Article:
When a Child Dies #13 . . . intubation
For the benefit of those who are seeking to walk alongside those who’ve lost a child, here are some of the things that have appeared in the first 12 posts in this series . . .
1) You don’t have to fix this with your words. You can’t. It feels like hell has broken loose. Your presence and your simple expressions of love mean everything.
2) Your friend will not be on a straight line to recovery. Many, out of love, will keep asking, “How is she doing?” You can really only answer that a day at a time. Monday: “She seems to be having a good day. She and her kids went to a movie and seemed to be laughing.” Tuesday: “I’m not sure. She can hardly speak.” It’s a merry-go-round of emotions. But the baseline emotion is sadness. I wish I could say it’s hope, but it’s not. There’s a lot of hope (in my own experience as a grieving parent and a friend of many grieving parents) in the first two weeks—when you cling to what you can—and in ensuing years. But for a long time, hope sits in the background. The world is mostly dark, even if you know you must go on.
3) The person you’re with will love you for life if you’ll help keep the memories of their son or daughter alive. A brief note on a birthday or an anniversary of the death—especially one where you mention a story or a characteristic you remember!—is more precious than all the gold in Fort Knox.
4) Your friend’s whole life will be effected—marriage, work, hobbies, church life, etc. He can’t partition this grief off. He’ll probably try to press on—you generally have to return to work, e.g.!—but the loss will spill over everywhere. Some people find themselves digging deeper into the life of their church; others migrate to other churches because they can’t bear the memories. (Most of us sit in the same seats in our assemblies; imagine returning to those seats when you need one fewer.)
5) The circumstances of the death don’t eliminate or mitigate the loss. The death could be gradual or sudden. It could be from a suicide, a wreck, an illness. It could have been an only child or one of a dozen children. There may have been time for “good-byes”—or not. The child could have been unborn, stillborn, young, or fully grown. It could be in any part of the world. (I say this because I’ve heard well-meaning leaders recently scold people for experiencing suffering as if this comes out of some sense of Western/American privilege. “People in other parts of the world expect to suffer.” Translation: we’re soft. Get over it. However, I’ve heard the wailing of parents in Africa in villages at the loss of children. Loss is loss—whether your country has good health or poor health, whether it’s relatively peaceful or war-torn.)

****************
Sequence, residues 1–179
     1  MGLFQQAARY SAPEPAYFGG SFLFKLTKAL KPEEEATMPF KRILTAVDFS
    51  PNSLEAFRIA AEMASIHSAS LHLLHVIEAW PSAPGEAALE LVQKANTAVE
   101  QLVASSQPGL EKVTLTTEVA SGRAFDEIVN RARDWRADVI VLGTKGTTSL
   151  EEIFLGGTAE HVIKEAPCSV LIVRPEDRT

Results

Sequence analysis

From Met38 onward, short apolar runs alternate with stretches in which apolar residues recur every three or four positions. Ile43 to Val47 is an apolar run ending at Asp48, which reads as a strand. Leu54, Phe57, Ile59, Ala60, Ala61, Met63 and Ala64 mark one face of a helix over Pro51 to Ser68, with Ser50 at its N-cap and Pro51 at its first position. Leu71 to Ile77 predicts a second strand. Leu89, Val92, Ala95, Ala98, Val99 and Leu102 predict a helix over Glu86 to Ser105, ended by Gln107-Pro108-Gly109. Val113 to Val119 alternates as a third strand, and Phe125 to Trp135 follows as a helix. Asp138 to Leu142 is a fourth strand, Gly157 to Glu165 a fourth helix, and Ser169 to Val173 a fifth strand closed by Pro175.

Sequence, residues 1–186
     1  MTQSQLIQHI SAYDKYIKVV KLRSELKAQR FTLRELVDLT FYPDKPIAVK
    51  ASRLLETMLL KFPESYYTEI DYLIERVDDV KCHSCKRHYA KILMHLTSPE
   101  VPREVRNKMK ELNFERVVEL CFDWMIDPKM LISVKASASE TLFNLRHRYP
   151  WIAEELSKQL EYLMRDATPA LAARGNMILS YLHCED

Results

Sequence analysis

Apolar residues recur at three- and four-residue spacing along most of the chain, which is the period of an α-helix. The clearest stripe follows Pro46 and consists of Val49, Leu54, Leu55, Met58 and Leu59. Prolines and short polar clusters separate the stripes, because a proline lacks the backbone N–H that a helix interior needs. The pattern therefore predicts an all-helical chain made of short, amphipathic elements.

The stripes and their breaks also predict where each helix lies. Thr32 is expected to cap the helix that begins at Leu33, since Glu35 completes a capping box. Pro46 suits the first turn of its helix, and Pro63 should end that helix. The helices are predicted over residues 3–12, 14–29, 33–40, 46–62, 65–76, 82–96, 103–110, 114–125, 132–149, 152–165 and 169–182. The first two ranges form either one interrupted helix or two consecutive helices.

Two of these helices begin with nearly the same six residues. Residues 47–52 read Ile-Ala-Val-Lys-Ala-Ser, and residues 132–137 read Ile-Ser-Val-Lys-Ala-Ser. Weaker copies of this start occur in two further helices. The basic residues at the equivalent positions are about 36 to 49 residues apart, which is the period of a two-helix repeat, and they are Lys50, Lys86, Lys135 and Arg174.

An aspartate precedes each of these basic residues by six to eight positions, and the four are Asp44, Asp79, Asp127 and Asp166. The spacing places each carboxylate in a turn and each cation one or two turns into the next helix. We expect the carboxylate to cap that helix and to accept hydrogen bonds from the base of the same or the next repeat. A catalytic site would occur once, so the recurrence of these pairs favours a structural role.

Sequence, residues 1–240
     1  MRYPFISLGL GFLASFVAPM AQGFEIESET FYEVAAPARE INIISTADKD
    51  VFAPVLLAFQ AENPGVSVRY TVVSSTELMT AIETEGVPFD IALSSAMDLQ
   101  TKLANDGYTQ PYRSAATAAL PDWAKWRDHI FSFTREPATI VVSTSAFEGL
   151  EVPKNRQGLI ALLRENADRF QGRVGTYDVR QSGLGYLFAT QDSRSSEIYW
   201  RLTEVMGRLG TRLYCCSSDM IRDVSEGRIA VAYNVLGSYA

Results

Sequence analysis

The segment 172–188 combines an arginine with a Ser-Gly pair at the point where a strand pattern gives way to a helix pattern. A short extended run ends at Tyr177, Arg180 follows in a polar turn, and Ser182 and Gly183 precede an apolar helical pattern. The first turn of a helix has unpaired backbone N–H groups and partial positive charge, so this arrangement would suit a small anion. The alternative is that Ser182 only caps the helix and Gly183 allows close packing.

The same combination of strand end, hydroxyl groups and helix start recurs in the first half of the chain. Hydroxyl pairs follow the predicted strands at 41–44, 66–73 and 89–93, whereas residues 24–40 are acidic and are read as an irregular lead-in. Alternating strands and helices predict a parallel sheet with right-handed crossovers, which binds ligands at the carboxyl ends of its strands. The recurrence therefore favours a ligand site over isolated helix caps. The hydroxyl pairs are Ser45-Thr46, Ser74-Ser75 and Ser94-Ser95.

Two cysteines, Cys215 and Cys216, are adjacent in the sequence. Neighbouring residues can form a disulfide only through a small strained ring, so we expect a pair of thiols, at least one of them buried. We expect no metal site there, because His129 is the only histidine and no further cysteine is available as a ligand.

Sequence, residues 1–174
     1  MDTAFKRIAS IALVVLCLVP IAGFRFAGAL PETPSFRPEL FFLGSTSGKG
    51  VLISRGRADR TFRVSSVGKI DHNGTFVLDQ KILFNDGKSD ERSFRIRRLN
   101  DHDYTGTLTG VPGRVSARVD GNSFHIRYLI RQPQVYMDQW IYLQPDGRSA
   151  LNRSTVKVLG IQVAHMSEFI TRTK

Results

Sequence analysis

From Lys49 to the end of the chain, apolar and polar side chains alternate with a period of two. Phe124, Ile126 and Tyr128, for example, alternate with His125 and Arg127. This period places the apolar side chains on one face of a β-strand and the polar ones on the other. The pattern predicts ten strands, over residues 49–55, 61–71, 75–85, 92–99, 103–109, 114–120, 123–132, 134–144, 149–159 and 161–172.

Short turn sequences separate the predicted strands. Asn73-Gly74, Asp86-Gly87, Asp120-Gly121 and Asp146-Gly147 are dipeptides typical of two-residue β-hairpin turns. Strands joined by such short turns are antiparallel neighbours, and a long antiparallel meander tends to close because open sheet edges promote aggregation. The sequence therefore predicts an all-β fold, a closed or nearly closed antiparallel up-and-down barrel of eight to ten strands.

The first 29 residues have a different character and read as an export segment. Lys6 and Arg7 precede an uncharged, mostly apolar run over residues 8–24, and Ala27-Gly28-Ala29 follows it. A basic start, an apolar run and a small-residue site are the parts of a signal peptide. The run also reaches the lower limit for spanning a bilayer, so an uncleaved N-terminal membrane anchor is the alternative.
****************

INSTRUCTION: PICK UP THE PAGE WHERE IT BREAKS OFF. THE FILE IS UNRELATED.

6) This friendship is a dance where it’s unclear who’s leading. Recently my four-year-old granddaughter and I tried two-stepping together. We had some disagreement about who should lead. (That’s my girl!) When you’re with a friend who’s in the earliest days of grief, it’s hard to know whether you need to follow their lead or whether they just need you to take them by the hand and do something (“Could we go grab coffee?” “Would you like to catch a movie today?”).
7) Even sad people need to have fun. We were lucky to have friends who’d invite us to just eat, laugh, and enjoy ourselves. They let us talk about our loss if we wanted to or just let us enjoy the evening as much as we could if that was better.
8 ) Your prayers for your friend who’s in grief are important. It’s possible he or she can’t pray yet. Or even breathe much. (In Megan’s Secrets, I describe this as being intubated by friends. It’s how I survived.) It’s such a comfort to know that others are praying on your behalf.
9) In the earliest days of grief, there may be simple acts of kindness that you and others can provide: doing dishes, mowing a lawn, “stealing” a car to wash it and fill it up, etc.
10) You can’t turn loose of your end of the rope. Even if your friend is hard to be with. When you’re on the other end, that rope is actually a lifeline. If feels thin and frayed. Even if they’re unable to express thanks or are irritable, they need you more than you can know.
Two are better than one,
because they have a good return for their labor:
If either of them falls down,
one can help the other up.
But pity anyone who falls
and has no one to help them up.
Also, if two lie down together, they will keep warm.
But how can one keep warm alone?
Though one may be overpowered,
two can defend themselves.
A cord of three strands is not quickly broken.
– Ecclesiastes 4:9-12